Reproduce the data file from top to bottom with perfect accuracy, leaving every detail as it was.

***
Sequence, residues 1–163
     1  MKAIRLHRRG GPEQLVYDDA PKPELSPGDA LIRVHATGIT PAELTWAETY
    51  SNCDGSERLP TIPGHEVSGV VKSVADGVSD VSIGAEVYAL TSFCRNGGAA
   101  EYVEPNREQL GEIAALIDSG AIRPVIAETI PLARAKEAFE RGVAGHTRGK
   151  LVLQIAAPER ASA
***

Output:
Sequence, residues 1–163
     1  MKAIRLHRRG GPEQLVYDDA PKPELSPGDA LIRVHATGIT PAELTWAETY
    51  SNCDGSERLP TIPGHEVSGV VKSVADGVSD VSIGAEVYAL TSFCRNGGAA
   101  EYVEPNREQL GEIAALIDSG AIRPVIAETI PLARAKEAFE RGVAGHTRGK
   151  LVLQIAAPER ASA